Years on the job. Mark had never realized the seniority policy even existed until it sucker-punched him. Why would a company keep someone simply based on time and not skill?
After his layoff, his wife promptly left him. There were no other similar pilot prospects, not in the current economy, and Marla enjoyed the life of a pilot’s wife too much: the steady money, the house they couldn’t afford, the ability to spend what he earned while he was gone, her substantial time alone to choose carefully whom she would screw behind his back. Thank God they’d never had children; thank God Mark didn’t have to worry about explaining his terrible plummeting from grace to them one day.
Oh, and Marla didn’t just leave him either; she cleaned out the accounts. The house was already tits up, the Mercedes and Land Rover months behind in their lease payments, the credit cards run up to their limits.
Destitute. Him, a heralded naval aviator, a decorated war veteran, a hard-working, moral, successful man. Ruined. Pushed to the brink. Run down, run over, and nearly run into an early grave like his old man. For the first time in his life he really had no idea what his next move might be.
Until his best friend dialed him up on the phone. His best friend who flew for a different major carrier after leaving the military but had fallen out of contact with Mark over the past few years.
Sammy talked Mark out of the bottle of scotch into which he’d lowered himself to dull reality and he did it quite easily, actually: by dangling an opportunity to make real money. A shitload. Fifty thousand dollars per flight.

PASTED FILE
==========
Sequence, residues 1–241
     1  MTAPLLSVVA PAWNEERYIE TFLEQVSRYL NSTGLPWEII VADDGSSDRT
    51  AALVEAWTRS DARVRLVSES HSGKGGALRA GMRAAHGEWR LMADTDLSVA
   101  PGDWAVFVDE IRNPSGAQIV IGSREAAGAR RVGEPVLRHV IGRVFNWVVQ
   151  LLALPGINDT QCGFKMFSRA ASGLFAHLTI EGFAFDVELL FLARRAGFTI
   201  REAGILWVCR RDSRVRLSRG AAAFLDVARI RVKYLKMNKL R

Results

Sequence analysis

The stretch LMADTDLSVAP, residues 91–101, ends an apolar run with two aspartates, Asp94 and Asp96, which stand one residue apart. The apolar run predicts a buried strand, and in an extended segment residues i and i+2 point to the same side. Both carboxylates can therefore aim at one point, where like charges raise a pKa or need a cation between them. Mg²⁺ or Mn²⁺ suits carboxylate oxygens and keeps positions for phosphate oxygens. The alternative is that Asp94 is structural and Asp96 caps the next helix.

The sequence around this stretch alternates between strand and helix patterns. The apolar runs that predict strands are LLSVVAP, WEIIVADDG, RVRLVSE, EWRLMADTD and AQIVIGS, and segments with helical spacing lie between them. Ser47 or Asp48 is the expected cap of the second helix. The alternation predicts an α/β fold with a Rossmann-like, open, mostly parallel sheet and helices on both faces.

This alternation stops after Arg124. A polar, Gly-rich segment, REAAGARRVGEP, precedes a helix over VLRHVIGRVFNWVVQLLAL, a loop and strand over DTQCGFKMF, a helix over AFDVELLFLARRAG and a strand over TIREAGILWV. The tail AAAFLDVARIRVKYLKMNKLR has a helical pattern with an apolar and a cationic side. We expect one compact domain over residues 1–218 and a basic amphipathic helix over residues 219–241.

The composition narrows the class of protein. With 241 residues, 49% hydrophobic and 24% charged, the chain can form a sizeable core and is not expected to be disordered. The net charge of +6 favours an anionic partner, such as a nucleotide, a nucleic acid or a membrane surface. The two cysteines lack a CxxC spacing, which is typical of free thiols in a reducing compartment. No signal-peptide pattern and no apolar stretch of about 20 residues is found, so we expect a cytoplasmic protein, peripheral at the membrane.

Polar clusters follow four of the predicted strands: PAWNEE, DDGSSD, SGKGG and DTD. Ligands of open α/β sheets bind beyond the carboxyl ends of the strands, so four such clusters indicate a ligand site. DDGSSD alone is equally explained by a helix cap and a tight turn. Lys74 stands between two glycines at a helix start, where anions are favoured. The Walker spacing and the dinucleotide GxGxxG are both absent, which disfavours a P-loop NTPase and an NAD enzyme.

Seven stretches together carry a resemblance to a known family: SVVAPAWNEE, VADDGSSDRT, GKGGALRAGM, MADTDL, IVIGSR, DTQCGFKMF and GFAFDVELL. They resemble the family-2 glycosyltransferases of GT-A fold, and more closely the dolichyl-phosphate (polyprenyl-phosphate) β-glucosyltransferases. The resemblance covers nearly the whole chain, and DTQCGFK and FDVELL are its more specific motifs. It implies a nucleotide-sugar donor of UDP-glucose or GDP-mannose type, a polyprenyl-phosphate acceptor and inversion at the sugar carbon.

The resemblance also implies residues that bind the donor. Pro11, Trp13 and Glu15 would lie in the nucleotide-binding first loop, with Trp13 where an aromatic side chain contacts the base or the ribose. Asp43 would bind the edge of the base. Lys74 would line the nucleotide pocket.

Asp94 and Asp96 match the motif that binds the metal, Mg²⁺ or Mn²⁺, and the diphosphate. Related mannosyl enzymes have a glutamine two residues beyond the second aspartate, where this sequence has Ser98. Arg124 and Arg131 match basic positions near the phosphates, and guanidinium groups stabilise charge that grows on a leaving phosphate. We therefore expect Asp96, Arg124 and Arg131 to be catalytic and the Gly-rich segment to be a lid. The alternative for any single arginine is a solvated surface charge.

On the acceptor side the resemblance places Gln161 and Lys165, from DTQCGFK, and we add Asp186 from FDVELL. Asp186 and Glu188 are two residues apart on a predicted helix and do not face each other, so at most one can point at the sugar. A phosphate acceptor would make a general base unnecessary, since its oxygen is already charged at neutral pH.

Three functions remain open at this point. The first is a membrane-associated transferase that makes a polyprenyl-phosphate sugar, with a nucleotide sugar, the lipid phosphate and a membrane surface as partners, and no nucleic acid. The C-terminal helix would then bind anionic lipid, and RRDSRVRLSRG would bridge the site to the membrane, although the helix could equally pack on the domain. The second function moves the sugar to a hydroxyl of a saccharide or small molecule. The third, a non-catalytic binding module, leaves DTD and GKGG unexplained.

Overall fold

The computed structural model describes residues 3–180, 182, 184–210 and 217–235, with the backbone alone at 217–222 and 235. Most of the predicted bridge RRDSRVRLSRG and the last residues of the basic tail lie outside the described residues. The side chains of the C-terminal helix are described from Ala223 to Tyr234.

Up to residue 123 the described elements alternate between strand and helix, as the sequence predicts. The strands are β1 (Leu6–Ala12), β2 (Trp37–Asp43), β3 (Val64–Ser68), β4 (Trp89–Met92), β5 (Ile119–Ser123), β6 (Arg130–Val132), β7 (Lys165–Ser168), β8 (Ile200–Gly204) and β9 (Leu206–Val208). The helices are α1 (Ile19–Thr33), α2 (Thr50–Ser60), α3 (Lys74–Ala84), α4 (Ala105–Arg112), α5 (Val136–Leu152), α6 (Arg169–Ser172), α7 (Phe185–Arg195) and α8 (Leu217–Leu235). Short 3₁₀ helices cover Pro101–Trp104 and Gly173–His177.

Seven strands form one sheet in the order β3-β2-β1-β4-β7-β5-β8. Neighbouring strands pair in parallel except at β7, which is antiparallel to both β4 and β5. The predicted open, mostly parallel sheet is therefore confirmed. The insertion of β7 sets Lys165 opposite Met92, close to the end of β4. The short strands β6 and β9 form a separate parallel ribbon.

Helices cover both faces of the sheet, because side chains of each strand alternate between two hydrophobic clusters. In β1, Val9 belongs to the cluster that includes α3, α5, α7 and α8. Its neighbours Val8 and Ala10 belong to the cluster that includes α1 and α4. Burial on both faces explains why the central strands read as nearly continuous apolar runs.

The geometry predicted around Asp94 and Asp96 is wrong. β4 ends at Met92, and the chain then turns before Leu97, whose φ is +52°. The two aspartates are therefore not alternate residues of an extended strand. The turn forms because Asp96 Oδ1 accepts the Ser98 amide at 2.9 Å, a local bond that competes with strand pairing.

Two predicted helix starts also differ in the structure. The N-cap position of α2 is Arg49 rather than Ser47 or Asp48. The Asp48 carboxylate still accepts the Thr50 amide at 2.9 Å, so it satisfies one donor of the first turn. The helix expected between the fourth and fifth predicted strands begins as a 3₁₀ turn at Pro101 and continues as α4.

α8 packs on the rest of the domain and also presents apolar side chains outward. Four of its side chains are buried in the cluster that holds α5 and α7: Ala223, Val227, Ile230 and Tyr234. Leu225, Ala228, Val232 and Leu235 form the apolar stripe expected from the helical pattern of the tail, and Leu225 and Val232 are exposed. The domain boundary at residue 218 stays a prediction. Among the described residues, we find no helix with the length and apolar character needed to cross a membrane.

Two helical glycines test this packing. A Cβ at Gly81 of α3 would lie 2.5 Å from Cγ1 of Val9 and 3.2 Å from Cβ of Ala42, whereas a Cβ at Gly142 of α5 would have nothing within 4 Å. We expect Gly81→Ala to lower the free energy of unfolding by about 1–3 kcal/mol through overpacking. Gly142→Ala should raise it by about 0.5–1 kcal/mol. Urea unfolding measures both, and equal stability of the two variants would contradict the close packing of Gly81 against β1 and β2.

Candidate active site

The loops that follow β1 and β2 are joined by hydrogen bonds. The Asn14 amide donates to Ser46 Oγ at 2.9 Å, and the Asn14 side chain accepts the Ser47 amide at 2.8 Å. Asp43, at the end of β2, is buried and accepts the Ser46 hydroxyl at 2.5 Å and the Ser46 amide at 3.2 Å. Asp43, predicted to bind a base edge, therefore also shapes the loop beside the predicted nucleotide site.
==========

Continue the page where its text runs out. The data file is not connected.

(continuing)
Mark thought back on that night in the bar; the night Sammy came in, Mark already twelve fingers deep in whiskey, and talked him into throwing away any decency left in his soul for the promise of the big flow of green cash.
“You can’t imagine how sweet this deal is,” Sammy had said. Mark and Sammy had flown as pilot and copilot before, for almost ten years in the service of their country. They both retired at the same time from the Navy. Then Sammy eventually took another offer at a different airline.
Men who had fired rounds into columns of soldiers and watched them die horrible deaths in service of Country did not think about such things as seniority at a commercial airline company.
Mark wasn’t an idiot, not even when he was so drunk he could barely keep his balance on a barstool. He knew nothing legitimate—nothing even in the vicinity of legitimate—paid that kind of cash. But he was beyond all that. Life had kidney-punched him once too often. God had deserted him long before. The next stop for Mark was to sell all his furniture, buy a sleeping bag and gas camping stove and squat in his own home until the sheriff forcibly evicted him and he set up camp under a bridge somewhere.
He had nothing.
And so there he sat; in that shitty little airport he’d flown in and out of so many times before. Sitting. Waiting. Sweating. Oh he had hundreds of thousands of dollars in foreign banks, but here he was, sweating like a bricklayer, the Cross of David in scorpion blood at his feet. Something had gone wrong, and it had been looming. Whispered looks. Rumors. Mark had just not known when, therefore the days on end in bed, showerless, prideless, and witless. And now it was late afternoon and instead of loading the plane with the money to be laundered north of the border, then waiting for the orange ball of fire in the sky to finally relinquish the day so they could fly the Cessna 172, blanketed in the obsidian darkness of night, Mark was waiting in an office with no air-conditioning; waiting for Cristóbal Casales, son of Enrique Casales. Father and son were two of the most feared men in all of Mexico and Central America, but the word had long ago spread through the ranks of Sustantivo was that Cristóbal redefined all the terms his father had established to put terror in the hearts of the strongest of men.